• 6 Data Center Market – Power Requirements Key Takeaway: Data-center operators are in wait-and-watch mode concerning adoption of DC due to high initial investment and relatively little prior experience with DC. Source: Datacentre Dynamics and Frost & Sullivan analysis. Data Center Market: Power Requirements (World), 2013 Data Center Market: Increase in Power Consumption (World), 2013 The over all rise in power for 2013 was under half of 2012’s figures, at just over 7%.
  • 7 Data Center Market – Power Requirements Source: Datacentre Dynamics and Frost & Sullivan analysis. Data Center Market: Increase in Power Consumption (NA), 2013 Data Center Market: Increase in Power Consumption (Europe), 2013 Data Center Market: Increase in Power Consumption (APAC), 2013 Data Center Market: Increase in Power Consumption (LATAM), 2013
  • 8 Data Center Market Trends – IP Traffic Note: All figures are rounded; the base year is 2013. Source: Cisco and Frost & Sullivan analysis. Over all Data Center Traffic Growth Rate (World), 2012 – 2017 CAGR (2012 – 2017): 24.7% Cloud DC Trafic vs. Traditional DC Trafic, 2013 Cloud DC Trafic vs. Traditional DC Trafic, 2017 Cloud Data Center Traffic Growth Rate (World), 2012 – 2017 % Split Cloud DC – Highest Growth CAGR (2012 – 2017): 35.2%
  • 9 Data Center Market Trends – Key Challenges Source: Frost & Sullivan analysis. Key Takeaway: There has been a significant shift from “ensuring uptime” to “future proofing” • Future – Proofing the data center to cope with the ever Increasing demand • Future – Proofing the data center to cope with the ever Increasing demand • Reducing complexity and improving operational efficiency • Reducing complexity and improving operational efficiency • Flexibility – The ability to create rapid changes to layout within a live data hall • Flexibility – The ability to create rapid changes to layout within a live data hall • Providing efficient power and cooling solutions at an economical and eco-friendly level • Providing efficient power and cooling solutions at an economical and eco-friendly level
  • 10 Data Center Market Trends Source: Frost & Sullivan analysis. New Generation Data Centres New Generation Data Centres Power & Cooling Trends Renewable Energy Energy Efficiency Liquid cooling, Free cooling Evolution Trends Virtualization Consolidation Automation Computing Trends Paid as per Usage Cloud Computing SaaS Utility Computing Infrastructure Trends DCIM Modular Data Centre • The data center industry is undergoing a transformation as enterprises shift their infrastructure spend from owned or leased facilities to third-party hosted and managed services. • The shift in infrastructure parallels the move from owned, premises-based applications to Software as a Service and cloud computing applications. • At the convergence of these trends is the opportunity that is fuelling steady growth among high-end providers of co-location and interconnect services. Key Takeaway: Developments in Technology Drive New Generation Data Center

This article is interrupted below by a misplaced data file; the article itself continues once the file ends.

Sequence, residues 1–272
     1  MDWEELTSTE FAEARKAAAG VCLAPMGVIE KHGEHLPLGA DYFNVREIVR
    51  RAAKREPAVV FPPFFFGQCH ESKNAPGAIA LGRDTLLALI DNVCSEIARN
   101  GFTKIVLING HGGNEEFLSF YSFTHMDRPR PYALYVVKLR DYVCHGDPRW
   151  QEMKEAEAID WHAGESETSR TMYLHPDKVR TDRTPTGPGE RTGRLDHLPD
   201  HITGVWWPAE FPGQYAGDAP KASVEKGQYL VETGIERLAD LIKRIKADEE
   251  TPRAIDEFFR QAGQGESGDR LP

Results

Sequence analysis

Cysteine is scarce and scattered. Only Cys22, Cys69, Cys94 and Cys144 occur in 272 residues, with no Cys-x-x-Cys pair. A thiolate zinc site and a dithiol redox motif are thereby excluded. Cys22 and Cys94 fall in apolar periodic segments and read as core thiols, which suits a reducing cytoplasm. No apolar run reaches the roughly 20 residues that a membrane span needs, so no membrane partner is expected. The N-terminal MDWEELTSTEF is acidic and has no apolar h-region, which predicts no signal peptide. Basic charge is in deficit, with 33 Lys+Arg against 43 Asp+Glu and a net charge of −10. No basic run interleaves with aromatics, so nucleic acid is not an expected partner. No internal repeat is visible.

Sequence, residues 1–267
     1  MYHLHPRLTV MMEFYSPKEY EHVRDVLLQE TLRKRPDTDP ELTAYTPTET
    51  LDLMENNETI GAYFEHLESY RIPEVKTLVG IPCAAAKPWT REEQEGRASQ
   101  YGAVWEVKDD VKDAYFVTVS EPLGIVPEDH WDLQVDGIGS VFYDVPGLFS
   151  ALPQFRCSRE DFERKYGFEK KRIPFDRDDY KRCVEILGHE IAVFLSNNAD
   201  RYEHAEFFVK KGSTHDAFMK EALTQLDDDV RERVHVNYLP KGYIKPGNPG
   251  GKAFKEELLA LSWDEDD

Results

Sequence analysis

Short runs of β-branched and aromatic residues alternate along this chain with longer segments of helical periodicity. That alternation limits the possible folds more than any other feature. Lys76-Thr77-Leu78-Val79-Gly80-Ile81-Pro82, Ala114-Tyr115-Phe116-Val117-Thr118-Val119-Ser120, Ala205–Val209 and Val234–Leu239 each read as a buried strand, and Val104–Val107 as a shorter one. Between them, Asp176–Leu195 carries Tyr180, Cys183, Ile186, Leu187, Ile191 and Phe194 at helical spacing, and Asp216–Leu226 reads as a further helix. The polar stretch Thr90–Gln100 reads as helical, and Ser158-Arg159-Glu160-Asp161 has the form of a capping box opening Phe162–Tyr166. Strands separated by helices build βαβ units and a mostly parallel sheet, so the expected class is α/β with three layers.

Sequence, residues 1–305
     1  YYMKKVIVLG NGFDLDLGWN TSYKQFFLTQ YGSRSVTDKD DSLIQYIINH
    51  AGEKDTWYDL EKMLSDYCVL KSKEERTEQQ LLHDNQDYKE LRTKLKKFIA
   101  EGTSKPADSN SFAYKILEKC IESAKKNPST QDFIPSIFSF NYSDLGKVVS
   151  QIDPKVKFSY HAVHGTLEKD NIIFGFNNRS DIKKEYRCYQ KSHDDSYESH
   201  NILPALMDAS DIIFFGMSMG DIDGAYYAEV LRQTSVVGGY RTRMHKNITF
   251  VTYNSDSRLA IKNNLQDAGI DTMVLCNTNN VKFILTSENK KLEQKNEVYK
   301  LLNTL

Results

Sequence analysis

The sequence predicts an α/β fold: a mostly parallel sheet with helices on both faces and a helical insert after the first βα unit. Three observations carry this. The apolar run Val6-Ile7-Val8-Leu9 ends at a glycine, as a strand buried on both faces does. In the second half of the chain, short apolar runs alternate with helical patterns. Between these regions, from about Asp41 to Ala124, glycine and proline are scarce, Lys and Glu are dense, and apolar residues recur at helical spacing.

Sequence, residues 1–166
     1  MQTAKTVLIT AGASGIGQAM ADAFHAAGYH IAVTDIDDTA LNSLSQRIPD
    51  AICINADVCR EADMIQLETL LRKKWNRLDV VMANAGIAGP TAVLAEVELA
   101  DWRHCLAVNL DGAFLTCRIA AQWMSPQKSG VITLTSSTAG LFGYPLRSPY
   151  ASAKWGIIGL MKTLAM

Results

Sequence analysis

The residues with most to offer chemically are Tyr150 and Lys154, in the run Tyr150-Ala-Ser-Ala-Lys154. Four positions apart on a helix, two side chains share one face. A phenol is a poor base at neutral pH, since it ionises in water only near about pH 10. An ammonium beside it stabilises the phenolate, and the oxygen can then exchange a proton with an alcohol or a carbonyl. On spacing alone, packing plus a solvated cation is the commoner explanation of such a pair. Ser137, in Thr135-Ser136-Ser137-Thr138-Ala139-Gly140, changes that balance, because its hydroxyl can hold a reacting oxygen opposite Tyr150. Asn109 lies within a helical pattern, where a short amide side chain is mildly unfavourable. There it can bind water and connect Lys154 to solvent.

• 11 Data Center Market Trends – European Overview (Contd) Source: CBRE and Frost & Sullivan analysis. • Third party provision of services in the IT market is expected to strengthen the take-up of data center space in Europe. • According to a survey done by Interxion, a colocation provider, over half of European providers expect 40- 100% of their revenue to come from cloud services in 2015. This represents a 93% increase from that recorded in 2012. • The Tier 1 markets like London, Frankfurt, Paris, Amsterdam, and Madrid will continue to witness demand for data center space. Additionaly, less mature markets like Poland, Czech Republic, Romania and Hungary are expected to register strong growth over the next few years. • In order to gain and maintain a competitive edge, assessing opportunities to expand and modernise IT infrastructure. Frankfurt •Data Center take-up increased by 20% in 2013 (highest in the past 4 years) •The main growth in cloud uptake has been fuelled domestically, with corporates shifting focus towards toward future expansion. •It is also been driven by growing connectivity requirements. London •Data Center take-up increased by 26% in 2013 •Total colocation take-up in 2013 was 18,639 sq. m (60% accounted for wholesale colocation) •Major corporates are considering expansion opportunities as opposed to cost reduction and constraint. Paris •Demand for data center space in Paris remained subdued during 2013 •Cloud could not bring in significant influence. Amsterdam •Data Center take-up in 2013 was lower than the past 2 years. •2013 witnessed a number of smaller transactions rather than larger ones – main reason for such a low uptake. Madrid •Although a small market, take- up increased by 30% in 2013 compared to 2012. •Corporate resistance to outsourced solutions remains higher
  • 12 Powering and Cooling Trends Source: Frost & Sullivan analysis. Key Concern – 2008: •The risk of losing data Key Concerns – 2013: •Ageing facilities •Running out of processing capacity – max out of power, cooling or space Key Concern – 2008: •The risk of losing data Key Concerns – 2013: •Ageing facilities •Running out of processing capacity – max out of power, cooling or space Response to threat: •Moving towards co-location •Modular Approach There has been an increasing trend towards Energy Consumption Monitoring 1.Efficient air handling 2.Using power management tools 3.Cold aisle/hot aisle containment 4.Detailed power monitoring 5.Modular data centre design 1.Efficient air handling 2.Using power management tools 3.Cold aisle/hot aisle containment 4.Detailed power monitoring 5.Modular data centre design 1. Reduce idle resource energy usage 2. Improve power usage monitoring 3. Reduce energy consumption by the support infrastructure 4. Improve the efficiency of power delivery to servers 1. Reduce idle resource energy usage 2. Improve power usage monitoring 3. Reduce energy consumption by the support infrastructure 4. Improve the efficiency of power delivery to servers Current Practices Complimenting Best Practices